In theology school, I got interested in the Amish people. I spent a summer among them in Ohio and learned much about their culture and relationship with the government. Last week, one of my students wanted to know why the Amish in her town refused food stamps. She noticed that although most people rushed to sign up, the Amish went about their business and didn’t even show interest. I took the opportunity to share my experience living among the Amish and what I learned through research. We had a fascinating discussion around the question, “Do Amish get food stamps?”
The Amish don’t get food stamps because they choose not to. Food stamps are available to low-income families. However, attempts to get the Amish to sign up have been unsuccessful. The Amish emphasize self-sufficiency and community. As such, they don’t have social security or medical insurance and won’t accept food stamps. If disaster strikes one of them, the community comes together to help.
So, join me in delving deeper into the culture and beliefs of the Amish surrounding money and government assistance. I’ll explore why they’re reluctant to accept food stamps and what they believe about money and debt.
Why won’t the Amish accept food stamps?
The Amish refuse food stamps as it contradicts their belief in self-sufficiency. They grow their food, reject modern conveniences, and live out Romans 12:2. Therefore, government efforts to enroll the Amish into food stamps were unsuccessful even though they qualified based on income.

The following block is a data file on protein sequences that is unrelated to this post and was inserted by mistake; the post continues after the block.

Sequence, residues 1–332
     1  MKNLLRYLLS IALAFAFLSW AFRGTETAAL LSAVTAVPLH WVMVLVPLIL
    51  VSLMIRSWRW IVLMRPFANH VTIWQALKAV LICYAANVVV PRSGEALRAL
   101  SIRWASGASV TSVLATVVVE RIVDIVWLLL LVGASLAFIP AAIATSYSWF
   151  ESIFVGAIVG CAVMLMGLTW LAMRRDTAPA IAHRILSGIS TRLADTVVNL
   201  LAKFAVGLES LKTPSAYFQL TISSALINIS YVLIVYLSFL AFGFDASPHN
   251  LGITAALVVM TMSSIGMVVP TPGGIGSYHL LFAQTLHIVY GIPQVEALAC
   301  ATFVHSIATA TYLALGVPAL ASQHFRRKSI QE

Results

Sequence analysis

Why do Amish consider food stamps to be government handouts?
The Amish believe in good old-fashioned hard work. Therefore, they frown on food stamps as government handouts because they haven’t worked for them. Furthermore, this belief is reinforced by their strong sense of community. The Amish communities are tightly-knit and will quickly help out one of their own. Therefore, even in dire times, the Amish will look to themselves before turning to the government.
Is food stamps tax-exempt?
Yes. Federal law prohibits states from taxing food bought using food stamps. However, this only applies to foods with a “Nutrition Facts” label on their packaging. Food stamps target low-income households to protect them from rising food costs during tough economic times. As such, imposing taxes on items bought using food stamps is counter-intuitive.
What payment methods do the Amish use?
Most Amish prefer cash and checks. They avoid debts and rarely own credit cards. The Amish live a frugal and simple life; they grow their food, reject modern conveniences, and rarely adopt modern technology. Furthermore, their community frowns on debts and upholds saving and wise spending. In fact, on average, the Amish save 20% of their monthly earnings, which comes in handy during tough times or big purchases. However, in rare cases, the Amish take out mortgages to buy farms. They rely on specific banks for this, and because of their financial discipline, some lenders offer them unsecured loans.
As a devout Christian, I have always been passionate about the Christian faith. This inspired me to pursue a degree in Religious studies and a Masters in Theology in college. I have also been privileged to teach 4 Christian courses in a college and university. Since I am dedicated to spreading the word of God, I am actively involved in the Church. Additionally, I share his word online and cover diverse topics on the Christian faith through my platform. You can read more about me on the about us page.